How To Freeze Rhubarb For Storage
Rhubarb is an all-or-nothing crop. It is one of the first things to push up out of the ground in the spring. For a while, it grows like mad, and it seems there will be no end in sight! During this stage, it is important to remove any seed heads promptly so the plant will direct its energy to produce new stalks and leaves.
Rhubarb recipes pop up all over every spring, and the tall stalks are used for everything from martinis, to ice cream, to crisps, cobblers, and puddings. Rhubarb can range in color from green to pink to red. The color is no indication of ripeness or sweetness like it is with other fruits. The stalks are the only edible part of the plant; in fact, the leaves are extremely poisonous due to high levels of oxalic acid. Never eat them.
Sometimes Rhubarb Has A Second Season
The heat of summer slows down the growth of rhubarb, and it can look very droopy. Cooler weather brings on a second season with abundant new growth. My old plants have perked up a lot. They look vigorous and healthy again since the weather has cooled off.
Rhubarb is an extremely hardy perennial plant that can live for 50 years or more. When plants get too old, and the roots get crowded, they need to be divided and replanted to maintain good production. One of my rhubarb plants is from a clump that first grew over one hundred years ago on a farm in South Central Nebraska. In the spring, I will divide the clumps and enlarge my rhubarb patch.
But today, I pulled some rhubarb for the freezer. You will be shocked just how easy it is to do! I left plenty of healthy stalks to grow and feed the plant’s roots until a killing frost occurs. The batch I froze today will make keep my grandson supplied with his favorite strawberry rhubarb jam for his PBJs. The same jam makes coveted Christmas gifts for friends!
The One Thing You Need To Freeze Rhubarb Is Rhubarb
Rhubarb is the only ingredient you need! You will also need a cutting board, a sharp knife, some rimmed baking pans, and a place to freeze flat in a single layer. I do like to line the baking pans with parchment paper, but it isn’t necessary.
Once frozen solid, you will scoop it into freezer bags for storage. In the food business, this method of freezing is sometimes called IQF or individually quick frozen. Instead of a lump of rhubarb, you end up with manageable chopped rhubarb you can use just like fresh!
No blanching, no sugar, no mess!
Discard the leaves, then wash the rhubarb in plain cold water and trim off any raggedy ends. Lay the rhubarb on a towel to dry, or you can dry it with clean dish towels. The dry rhubarb will freeze better without sticking together.
A sharp chef’s knife is perfect for this step. Cut the rhubarb into pieces about 1/2″ long. Then spread it in a single layer on rimmed baking pans you have covered with parchment paper and freeze flat until completely solid. This process can take a few hours, and it’s fine to leave it uncovered in the freezer overnight.
All that’s left to do is scoop the rhubarb into freezer bags. Lay the bag flat and squeeze as much air you can. Label and date each bag. I did not bother to measure what I put in each bag. Look at that fresh color and texture!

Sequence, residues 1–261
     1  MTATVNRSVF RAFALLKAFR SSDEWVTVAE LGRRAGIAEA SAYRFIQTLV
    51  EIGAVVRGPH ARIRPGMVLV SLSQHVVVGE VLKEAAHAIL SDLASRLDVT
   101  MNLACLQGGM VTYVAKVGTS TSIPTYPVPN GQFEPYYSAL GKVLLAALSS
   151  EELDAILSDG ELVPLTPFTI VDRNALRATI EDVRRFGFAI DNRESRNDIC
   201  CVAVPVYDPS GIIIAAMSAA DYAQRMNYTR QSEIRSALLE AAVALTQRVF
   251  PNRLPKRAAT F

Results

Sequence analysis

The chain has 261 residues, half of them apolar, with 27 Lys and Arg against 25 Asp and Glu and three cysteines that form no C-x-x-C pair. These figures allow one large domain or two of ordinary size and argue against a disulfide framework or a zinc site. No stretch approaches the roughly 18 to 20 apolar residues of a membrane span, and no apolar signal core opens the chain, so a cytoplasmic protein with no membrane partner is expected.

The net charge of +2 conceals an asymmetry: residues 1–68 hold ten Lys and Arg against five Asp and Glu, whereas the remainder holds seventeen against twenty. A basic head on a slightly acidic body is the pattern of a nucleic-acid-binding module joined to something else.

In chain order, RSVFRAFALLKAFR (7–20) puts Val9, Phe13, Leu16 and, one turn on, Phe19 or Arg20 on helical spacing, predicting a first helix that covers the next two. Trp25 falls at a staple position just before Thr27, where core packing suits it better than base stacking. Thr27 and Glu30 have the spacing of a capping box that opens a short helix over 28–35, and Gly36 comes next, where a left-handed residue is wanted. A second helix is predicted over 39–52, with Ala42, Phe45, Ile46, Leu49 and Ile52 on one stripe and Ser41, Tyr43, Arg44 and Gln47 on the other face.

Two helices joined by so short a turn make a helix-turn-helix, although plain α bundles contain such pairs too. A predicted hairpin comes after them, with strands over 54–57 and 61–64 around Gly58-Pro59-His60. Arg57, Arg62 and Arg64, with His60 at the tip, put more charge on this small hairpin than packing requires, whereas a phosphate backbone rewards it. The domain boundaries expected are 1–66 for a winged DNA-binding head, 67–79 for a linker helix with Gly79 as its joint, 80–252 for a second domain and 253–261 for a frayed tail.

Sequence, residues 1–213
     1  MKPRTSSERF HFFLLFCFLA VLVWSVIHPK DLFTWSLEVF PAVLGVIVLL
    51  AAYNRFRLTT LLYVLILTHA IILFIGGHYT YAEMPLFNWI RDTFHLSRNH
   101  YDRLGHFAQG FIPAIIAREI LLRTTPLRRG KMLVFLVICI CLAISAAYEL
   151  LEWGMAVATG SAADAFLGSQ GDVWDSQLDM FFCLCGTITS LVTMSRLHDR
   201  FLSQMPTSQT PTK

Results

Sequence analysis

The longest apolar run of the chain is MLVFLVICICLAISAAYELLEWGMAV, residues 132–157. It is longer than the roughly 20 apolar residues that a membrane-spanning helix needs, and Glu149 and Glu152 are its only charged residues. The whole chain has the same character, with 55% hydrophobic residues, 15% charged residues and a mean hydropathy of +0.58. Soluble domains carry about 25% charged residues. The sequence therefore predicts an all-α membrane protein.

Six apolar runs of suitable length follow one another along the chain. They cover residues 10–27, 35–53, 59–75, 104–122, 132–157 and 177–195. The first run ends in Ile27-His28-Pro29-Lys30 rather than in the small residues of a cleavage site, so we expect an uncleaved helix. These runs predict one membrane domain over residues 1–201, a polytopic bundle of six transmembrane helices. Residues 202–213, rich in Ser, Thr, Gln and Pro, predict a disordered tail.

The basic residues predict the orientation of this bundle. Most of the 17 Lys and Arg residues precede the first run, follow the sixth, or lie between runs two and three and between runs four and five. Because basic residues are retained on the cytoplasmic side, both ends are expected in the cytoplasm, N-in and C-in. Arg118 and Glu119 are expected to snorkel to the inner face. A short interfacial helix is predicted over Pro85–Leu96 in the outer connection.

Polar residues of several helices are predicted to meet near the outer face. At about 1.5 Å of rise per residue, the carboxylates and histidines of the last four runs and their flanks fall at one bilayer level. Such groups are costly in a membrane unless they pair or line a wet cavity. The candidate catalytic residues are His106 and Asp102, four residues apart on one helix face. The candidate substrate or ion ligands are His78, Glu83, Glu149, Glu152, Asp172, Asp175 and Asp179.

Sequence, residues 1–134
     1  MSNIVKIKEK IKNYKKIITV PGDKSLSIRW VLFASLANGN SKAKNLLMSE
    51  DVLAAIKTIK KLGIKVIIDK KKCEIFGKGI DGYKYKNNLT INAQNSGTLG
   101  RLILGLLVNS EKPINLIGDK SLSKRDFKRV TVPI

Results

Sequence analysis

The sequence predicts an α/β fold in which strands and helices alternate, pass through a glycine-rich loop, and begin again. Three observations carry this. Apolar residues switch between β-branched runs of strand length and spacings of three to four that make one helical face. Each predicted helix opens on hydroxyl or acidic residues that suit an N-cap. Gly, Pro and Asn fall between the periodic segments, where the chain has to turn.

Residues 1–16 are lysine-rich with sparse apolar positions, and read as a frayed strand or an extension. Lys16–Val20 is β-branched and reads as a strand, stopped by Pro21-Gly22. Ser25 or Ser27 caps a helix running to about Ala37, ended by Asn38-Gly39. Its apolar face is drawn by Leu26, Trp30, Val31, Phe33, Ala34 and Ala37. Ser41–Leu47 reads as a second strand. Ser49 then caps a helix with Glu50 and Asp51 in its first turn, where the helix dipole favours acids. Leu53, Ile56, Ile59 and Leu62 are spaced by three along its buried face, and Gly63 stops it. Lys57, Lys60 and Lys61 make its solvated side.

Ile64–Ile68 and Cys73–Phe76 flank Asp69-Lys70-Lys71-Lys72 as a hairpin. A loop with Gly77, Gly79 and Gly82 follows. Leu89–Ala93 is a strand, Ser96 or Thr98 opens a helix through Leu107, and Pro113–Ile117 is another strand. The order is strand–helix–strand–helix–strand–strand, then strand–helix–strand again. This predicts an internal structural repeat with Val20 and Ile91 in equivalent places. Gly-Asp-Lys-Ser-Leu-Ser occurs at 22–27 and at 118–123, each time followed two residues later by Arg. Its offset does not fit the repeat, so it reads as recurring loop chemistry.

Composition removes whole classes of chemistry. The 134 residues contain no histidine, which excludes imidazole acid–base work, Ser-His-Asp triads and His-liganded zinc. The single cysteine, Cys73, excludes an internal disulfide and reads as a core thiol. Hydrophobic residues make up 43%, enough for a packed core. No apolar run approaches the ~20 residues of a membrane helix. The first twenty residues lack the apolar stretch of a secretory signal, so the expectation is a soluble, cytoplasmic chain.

It’s very easy to pour from the bag into a measuring cup when I am ready to use it! Once frozen, the packs can stand in the freezer like slices of bread.
- Rhubarb in any amount.
- Wash the rhubarb in cold water and dry it, or let it sit on a towel to dry. This helps to prevent freezer burn.
- Trim off any damaged or brown areas.
- If rhubarb is very stringy, you can use a vegetable peeler to remove excess, but it is not necessary.
- Cut rhubarb into pieces about 1/2 inch long.
- Lay in a single layer on rimmed baking sheets you have covered with parchment paper.
- Freeze flat for 8 hours or overnight.
- Scoop into freezer bags, squeeze out as much air as to can.
- Store in deep freeze for 6 to 8 months.
Freezing flat in a single layer keeps the pieces separated so you can scoop out any amount you need.
You can use rhubarb straight from frozen to make jam, rhubarb sauce, or rhubarb pudding. Most recipes for cakes, pies, or bread made with frozen rhubarb suggest that the rhubarb should be defrosted in a strainer or sieve to allow the excess juice to drain off.
Allow the rhubarb to defrost without stirring or mashing to keep the lovely texture and little jammy pockets that form in the baked goods. You can even let it defrost overnight in the fridge or on the counter. You may need to defrost a bit more than the recipe calls for because it does shrink a bit, but most recipes do not require precision in the amount of rhubarb used. Whew, lucky me! Precision has never been my gift!
What is your favorite way to eat rhubarb? Here are some of our favorite rhubarb recipes. (If you love rhubarb as much as we do, and you don’t have your own rhubarb to freeze, look for unsweetened frozen rhubarb in the freezer section of your favorite grocery store and give any one of these recipes are spin! They are all winners!)
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